Swailles History, Family Crest & Coats of Arms
- Origins Available:
Today's generation of the Swailles family bears a name that was brought to England by the migration wave that was started by the Norman Conquest of 1066. The Swailles family lived in Yorkshire, at Swale.
Early Origins of the Swailles family
The surname Swailles was first found in Yorkshire where they held a family seat as Lords of the Manor of Swale from ancient times. Although the Manor does not appear in the Domesday Book in 1086 the first recorded date is of John Swale who held the Lordship. He married Alice, daughter of Gilbert de Gaunt, and related to John of Gaunt about 1150.
At this time he held the manor of West Grenton or Grinton in Swaledale. South Stainley in the West Riding of Yorkshire was an ancient family seat. "This place was the property of Sir Solomon Swale, who suffered severely for his loyalty during the parliamentary war, and was presented with the first baronetcy conferred after the Restoration. Sir Solomon, in those unsettled times, having neglected to sue out a renewal of the lease by which he held some property under the crown, a chancery clerk, noticing the omission, obtained it for himself, and involved the Baronet in a litigation which, in a few years, ended in his becoming a prisoner in the king's bench, where he died of a broken heart. Stainley Hall, the ancient family seat, is now a ruin." 
Early History of the Swailles family
This web page shows only a small excerpt of our Swailles research. Another 86 words (6 lines of text) covering the years 1660, 1545, 1608, 1545, 1603, 1606 and 1608 are included under the topic Early Swailles History in all our PDF Extended History products and printed products wherever possible.
Swailles Spelling Variations
Before English spelling was standardized a few hundred years ago, spelling variations of names were a common occurrence. Elements of Latin, Norman French and other languages became incorporated into English throughout the Middle Ages, and name spellings changed even among the literate. The variations of the surname Swailles include S Wales, Swale, Swalles, Swaile, Swailles, Swailes and many more.
Early Notables of the Swailles family (pre 1700)
Outstanding amongst the family at this time was Sir Richard Swale (1545?-1608), English civilian, born in Yorkshire about 1545, son of Thomas Swale of Askham-Richard in Yorkshire. "Swale was knighted by James I at Whitehall on 23 July 1603. On 28 May 1606...
Another 43 words (3 lines of text) are included under the topic Early Swailles Notables in all our PDF Extended History products and printed products wherever possible.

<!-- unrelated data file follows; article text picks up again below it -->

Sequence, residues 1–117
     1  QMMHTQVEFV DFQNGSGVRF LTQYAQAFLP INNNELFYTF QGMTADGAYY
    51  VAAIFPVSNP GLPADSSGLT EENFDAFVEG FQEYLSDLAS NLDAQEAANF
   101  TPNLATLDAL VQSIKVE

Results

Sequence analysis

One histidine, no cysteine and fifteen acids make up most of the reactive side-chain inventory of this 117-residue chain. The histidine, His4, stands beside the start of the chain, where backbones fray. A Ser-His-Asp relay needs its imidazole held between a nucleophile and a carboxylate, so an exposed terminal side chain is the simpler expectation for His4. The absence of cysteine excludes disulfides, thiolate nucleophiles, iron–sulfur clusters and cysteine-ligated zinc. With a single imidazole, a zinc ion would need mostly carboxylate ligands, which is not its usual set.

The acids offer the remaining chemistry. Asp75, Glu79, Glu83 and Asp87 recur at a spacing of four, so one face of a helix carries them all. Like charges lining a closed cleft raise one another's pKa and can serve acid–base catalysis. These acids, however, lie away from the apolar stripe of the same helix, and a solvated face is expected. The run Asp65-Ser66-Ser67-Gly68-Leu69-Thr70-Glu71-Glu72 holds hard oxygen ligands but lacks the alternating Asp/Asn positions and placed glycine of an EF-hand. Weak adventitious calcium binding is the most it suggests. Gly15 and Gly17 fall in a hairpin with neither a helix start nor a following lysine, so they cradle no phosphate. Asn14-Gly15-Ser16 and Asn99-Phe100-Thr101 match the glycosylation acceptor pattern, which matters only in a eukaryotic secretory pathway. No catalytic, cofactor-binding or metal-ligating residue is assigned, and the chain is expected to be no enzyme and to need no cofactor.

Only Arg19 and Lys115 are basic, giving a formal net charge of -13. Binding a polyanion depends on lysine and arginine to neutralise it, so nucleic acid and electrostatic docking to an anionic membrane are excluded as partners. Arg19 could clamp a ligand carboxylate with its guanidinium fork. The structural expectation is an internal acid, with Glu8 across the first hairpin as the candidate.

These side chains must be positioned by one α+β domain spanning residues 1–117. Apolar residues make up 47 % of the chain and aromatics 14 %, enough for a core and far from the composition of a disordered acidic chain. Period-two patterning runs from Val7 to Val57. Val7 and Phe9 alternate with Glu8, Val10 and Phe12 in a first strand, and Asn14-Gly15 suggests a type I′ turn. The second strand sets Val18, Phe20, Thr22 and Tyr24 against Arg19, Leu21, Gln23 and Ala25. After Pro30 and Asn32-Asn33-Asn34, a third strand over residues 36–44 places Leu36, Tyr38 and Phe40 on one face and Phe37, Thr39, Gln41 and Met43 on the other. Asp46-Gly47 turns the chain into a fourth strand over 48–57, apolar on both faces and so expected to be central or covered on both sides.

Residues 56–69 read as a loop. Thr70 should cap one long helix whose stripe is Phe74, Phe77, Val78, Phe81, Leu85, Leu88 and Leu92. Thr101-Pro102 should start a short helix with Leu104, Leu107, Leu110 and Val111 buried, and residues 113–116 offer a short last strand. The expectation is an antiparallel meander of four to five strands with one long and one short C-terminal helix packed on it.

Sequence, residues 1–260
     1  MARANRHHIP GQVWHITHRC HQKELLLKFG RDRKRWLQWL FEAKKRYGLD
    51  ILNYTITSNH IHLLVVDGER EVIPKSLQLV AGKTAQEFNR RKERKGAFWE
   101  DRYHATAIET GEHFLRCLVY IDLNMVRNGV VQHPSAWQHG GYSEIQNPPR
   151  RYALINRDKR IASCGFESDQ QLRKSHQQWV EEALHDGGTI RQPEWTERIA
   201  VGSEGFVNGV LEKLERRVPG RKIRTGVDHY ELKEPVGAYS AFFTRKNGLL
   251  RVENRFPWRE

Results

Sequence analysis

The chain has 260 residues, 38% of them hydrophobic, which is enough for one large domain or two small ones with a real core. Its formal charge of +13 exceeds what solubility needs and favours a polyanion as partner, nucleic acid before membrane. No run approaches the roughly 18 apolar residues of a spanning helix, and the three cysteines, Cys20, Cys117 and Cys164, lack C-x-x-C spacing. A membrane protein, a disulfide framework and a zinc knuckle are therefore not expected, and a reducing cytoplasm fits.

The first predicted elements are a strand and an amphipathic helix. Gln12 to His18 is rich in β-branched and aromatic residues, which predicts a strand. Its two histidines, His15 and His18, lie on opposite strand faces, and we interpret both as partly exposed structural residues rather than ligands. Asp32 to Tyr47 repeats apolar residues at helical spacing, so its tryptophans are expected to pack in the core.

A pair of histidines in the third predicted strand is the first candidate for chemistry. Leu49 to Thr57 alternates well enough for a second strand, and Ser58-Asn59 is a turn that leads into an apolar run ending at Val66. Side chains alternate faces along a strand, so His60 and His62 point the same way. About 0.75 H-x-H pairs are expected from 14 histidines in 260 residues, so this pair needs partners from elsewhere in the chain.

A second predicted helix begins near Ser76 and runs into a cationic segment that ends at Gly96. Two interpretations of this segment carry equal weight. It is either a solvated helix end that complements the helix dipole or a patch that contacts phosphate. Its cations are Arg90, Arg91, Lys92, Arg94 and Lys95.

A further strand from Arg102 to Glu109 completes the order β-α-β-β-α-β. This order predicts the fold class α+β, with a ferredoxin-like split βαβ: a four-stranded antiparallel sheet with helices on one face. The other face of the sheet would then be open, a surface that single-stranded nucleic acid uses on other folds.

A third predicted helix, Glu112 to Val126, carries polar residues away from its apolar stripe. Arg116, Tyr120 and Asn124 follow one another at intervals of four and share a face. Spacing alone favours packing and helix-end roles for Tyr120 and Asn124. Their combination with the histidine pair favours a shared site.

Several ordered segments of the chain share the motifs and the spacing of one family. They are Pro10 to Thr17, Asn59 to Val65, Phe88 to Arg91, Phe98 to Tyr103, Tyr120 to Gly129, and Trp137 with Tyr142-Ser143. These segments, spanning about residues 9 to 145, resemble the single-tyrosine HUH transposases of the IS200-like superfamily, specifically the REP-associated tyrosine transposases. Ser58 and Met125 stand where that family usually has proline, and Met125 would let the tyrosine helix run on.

Migration of the Swailles family
In England at this time, the uncertainty of the political and religious environment of the time caused many families to board ships for distant British colonies in the hopes of finding land and opportunity, and escaping persecution. The voyages were expensive, crowded, and difficult, though, and many arrived in North America sick, starved, and destitute. Those who did make it, however, were greeted with greater opportunities and freedoms that they could have experienced at home. Many of those families went on to make important contributions to the young nations in which they settled. Early immigration records have shown some of the first Swailless to arrive on North American shores: Ralph Swaile who settled in Philadelphia, Pennsylvania in 1880; George S Wales who settled in St. Christopher in 1635.
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The Swailles Motto +
The motto was originally a war cry or slogan. Mottoes first began to be shown with arms in the 14th and 15th centuries, but were not in general use until the 17th century. Thus the oldest coats of arms generally do not include a motto. Mottoes seldom form part of the grant of arms: Under most heraldic authorities, a motto is an optional component of the coat of arms, and can be added to or changed at will; many families have chosen not to display a motto.
Motto: Jesu, esto mihi Jesus
Motto Translation: Jesus, be my Savior
- ^ Lewis, Samuel, A Topographical Dictionary of England. Institute of Historical Research, 1848, Print.